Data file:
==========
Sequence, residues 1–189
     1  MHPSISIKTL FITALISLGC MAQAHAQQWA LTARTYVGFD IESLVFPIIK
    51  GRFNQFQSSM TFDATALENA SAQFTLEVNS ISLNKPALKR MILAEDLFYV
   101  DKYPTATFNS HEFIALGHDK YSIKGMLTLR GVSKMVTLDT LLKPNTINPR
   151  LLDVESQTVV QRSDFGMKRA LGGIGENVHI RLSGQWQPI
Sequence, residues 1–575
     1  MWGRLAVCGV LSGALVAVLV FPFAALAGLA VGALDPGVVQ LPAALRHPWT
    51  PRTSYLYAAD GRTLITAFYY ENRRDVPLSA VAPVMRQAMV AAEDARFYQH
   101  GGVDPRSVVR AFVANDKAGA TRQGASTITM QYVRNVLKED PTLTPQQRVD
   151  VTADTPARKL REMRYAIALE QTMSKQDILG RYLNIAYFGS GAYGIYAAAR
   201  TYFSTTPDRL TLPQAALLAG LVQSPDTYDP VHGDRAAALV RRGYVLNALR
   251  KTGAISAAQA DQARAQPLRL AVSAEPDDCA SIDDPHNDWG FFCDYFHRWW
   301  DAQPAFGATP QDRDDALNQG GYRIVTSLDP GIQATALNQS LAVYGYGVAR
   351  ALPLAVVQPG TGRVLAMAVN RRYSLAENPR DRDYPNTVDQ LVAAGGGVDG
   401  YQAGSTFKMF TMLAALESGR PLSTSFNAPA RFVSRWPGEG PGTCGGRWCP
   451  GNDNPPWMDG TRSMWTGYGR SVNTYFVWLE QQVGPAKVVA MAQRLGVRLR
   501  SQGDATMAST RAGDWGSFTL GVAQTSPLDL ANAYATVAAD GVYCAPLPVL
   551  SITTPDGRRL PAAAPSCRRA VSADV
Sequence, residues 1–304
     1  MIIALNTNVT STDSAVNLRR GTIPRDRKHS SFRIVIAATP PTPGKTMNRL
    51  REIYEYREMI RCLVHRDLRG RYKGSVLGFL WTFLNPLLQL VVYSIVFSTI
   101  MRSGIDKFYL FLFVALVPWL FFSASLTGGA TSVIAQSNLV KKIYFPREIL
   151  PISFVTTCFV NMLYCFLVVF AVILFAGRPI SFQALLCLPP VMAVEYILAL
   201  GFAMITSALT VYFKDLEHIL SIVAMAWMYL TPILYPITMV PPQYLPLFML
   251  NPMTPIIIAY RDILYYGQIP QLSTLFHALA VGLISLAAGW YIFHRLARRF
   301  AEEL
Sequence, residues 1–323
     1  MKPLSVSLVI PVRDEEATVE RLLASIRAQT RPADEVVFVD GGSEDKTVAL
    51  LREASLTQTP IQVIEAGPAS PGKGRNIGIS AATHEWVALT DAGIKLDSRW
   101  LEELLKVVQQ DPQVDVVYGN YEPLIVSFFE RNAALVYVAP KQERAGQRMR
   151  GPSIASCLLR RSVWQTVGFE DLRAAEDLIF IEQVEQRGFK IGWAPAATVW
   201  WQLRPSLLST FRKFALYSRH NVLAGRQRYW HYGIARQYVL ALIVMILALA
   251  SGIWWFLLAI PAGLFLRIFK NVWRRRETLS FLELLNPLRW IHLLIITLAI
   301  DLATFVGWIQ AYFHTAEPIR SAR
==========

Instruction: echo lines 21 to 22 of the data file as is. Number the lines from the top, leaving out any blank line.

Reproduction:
    51  REIYEYREMI RCLVHRDLRG RYKGSVLGFL WTFLNPLLQL VVYSIVFSTI
   101  MRSGIDKFYL FLFVALVPWL FFSASLTGGA TSVIAQSNLV KKIYFPREIL